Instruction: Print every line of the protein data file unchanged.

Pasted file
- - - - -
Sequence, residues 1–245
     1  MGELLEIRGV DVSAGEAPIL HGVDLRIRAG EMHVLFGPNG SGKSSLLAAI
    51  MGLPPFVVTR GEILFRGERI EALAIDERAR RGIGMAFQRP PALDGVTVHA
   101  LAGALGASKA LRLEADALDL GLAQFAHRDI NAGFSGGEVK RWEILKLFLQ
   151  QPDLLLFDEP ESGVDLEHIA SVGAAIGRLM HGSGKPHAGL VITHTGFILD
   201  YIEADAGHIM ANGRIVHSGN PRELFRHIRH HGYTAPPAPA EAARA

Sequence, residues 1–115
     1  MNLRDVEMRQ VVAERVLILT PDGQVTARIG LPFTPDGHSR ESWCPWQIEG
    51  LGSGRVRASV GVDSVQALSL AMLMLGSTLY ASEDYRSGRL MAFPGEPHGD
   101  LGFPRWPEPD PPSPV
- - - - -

Sequence, residues 1–245
     1  MGELLEIRGV DVSAGEAPIL HGVDLRIRAG EMHVLFGPNG SGKSSLLAAI
    51  MGLPPFVVTR GEILFRGERI EALAIDERAR RGIGMAFQRP PALDGVTVHA
   101  LAGALGASKA LRLEADALDL GLAQFAHRDI NAGFSGGEVK RWEILKLFLQ
   151  QPDLLLFDEP ESGVDLEHIA SVGAAIGRLM HGSGKPHAGL VITHTGFILD
   201  YIEADAGHIM ANGRIVHSGN PRELFRHIRH HGYTAPPAPA EAARA

Sequence, residues 1–115
     1  MNLRDVEMRQ VVAERVLILT PDGQVTARIG LPFTPDGHSR ESWCPWQIEG
    51  LGSGRVRASV GVDSVQALSL AMLMLGSTLY ASEDYRSGRL MAFPGEPHGD
   101  LGFPRWPEPD PPSPV